I've heard of layaway, but this is ridiculous. Maybe other people have a better sense of timing than I do, but what, you order one if you start to feel sick?
And then what happens if you get well? Where are you going to keep your casket, in the garage? I suppose you could use it for storage.
"Hey honey, can you get me the circular saw?"
"Sure, where is it?"
"It's in the casket, right next to that case of canned tomato sauce."
Daniel Boone for one, had a fine cherry coffin made for him well in advance of his death, and he was known to take naps in it. But I'm not as brave as the early pioneers, apparently. I'm afraid someone would walk by, peer in and say "close enough" and slam the lid shut.
It's not like shopping for a new car, but still, there is the temptation to scroll down the Wal-Mart casket Web page to see what might appeal.
I'm thinking I might go for the "Executive Privilege Steel Casket" featuring 18-gauge steel, a hand-knit velvet interior and, I am not kidding, a "hand-crafted brush finish with pinstripes." Great. You don't know if you're being buried in a casket or a Ford Pinto.
If that's too impersonal, you can always go with the "Lady de Guadalupe Steel Casket" with an interior that features "a sky-blue chalet crepe adorned by an embroidered figure of the Lady de Guadalupe." I don't know who this Lady de Guadalupe is, but this is eternity we're talking about; so if I'm going to be in there with some embroidered female, I'm holding out for the Girl from Ipanema Steel Casket.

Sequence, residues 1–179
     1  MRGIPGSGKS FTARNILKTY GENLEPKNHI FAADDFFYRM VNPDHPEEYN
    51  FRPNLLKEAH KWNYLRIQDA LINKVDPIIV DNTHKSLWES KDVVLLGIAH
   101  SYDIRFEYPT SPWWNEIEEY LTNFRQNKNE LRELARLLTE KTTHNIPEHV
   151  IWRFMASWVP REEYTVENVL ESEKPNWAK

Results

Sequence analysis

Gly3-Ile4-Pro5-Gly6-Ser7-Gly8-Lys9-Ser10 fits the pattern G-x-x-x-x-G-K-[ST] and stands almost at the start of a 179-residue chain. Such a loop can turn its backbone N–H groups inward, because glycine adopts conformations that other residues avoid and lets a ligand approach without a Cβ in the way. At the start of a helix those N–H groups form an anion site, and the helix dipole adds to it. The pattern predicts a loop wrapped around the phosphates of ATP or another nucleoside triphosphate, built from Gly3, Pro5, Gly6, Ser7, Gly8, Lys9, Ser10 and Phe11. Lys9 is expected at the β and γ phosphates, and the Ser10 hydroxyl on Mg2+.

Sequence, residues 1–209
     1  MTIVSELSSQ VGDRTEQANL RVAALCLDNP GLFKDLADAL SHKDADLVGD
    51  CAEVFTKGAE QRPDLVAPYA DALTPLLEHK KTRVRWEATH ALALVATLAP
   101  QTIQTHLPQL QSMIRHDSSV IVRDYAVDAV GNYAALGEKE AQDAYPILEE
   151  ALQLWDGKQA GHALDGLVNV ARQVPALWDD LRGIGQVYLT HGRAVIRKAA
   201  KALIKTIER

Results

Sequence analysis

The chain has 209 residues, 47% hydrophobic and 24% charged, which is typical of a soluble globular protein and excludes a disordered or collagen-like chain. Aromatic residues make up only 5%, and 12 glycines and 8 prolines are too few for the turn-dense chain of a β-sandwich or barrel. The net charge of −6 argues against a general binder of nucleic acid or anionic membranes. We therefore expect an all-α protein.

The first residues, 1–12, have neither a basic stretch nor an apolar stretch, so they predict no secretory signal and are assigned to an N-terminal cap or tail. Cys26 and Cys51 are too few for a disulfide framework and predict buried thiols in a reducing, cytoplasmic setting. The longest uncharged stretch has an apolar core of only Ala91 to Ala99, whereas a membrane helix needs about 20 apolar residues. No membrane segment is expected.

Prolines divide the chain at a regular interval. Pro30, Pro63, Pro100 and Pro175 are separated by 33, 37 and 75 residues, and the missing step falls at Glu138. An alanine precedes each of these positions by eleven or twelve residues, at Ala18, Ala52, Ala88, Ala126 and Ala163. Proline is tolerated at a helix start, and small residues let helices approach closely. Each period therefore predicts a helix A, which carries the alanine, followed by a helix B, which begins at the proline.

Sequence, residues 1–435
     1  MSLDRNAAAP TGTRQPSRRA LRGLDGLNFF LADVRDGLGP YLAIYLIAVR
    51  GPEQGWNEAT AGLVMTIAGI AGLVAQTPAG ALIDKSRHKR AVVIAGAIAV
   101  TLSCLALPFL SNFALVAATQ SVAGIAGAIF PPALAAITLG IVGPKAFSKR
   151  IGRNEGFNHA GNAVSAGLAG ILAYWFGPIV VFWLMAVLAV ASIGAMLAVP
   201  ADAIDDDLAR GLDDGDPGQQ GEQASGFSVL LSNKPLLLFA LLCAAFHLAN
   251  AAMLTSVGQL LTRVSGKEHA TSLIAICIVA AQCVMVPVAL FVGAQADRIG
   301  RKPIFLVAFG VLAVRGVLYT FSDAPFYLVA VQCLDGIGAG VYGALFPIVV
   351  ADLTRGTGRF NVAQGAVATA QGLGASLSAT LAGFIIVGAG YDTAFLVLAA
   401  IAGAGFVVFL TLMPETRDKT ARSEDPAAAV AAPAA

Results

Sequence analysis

But then I might not be the typical customer that Wal-Mart is aiming for. That audience might best be represented by the "Regal Wide Body Steel Casket," which is "Four inches wider than standard sizes." All that's missing is the camo finish. (And for all those who are thinking, "Only four inches, how's that gonna help?" shame on you.)
By the way, does this mean that Wal-Mart has to change its slogan from "Save Money, Live Better" to -- oh, never mind. I suppose they can argue that there's no point in an expensive coffin, since the only person who will see it for the next 30 eons will be in no position to appreciate it, one way or the other.
And we've all heard the argument that "funeral homes are just profiting on the emotions of the bereaved."
But if they don't, who will?
In the end, so to speak, I suppose you have your choice. You can spend eternity surrounded by a constant reminder that you may not have gotten the best deal, or you can spend eternity in a product provided by Wal-Mart.
If anyone has a good answer to this dilemma, feel free to let me know.
Tim Rowland is a Herald-Mail columnist. He can be reached at 301-733-5131, ext. 2324, or by e-mail at firstname.lastname@example.org. Tune in to the Rowland Rant video at www.herald-mail.com, on antpod.com or on Antietam Cable's WCL-TV Channel 30 evenings at 6:30. New episodes are released every Wednesday.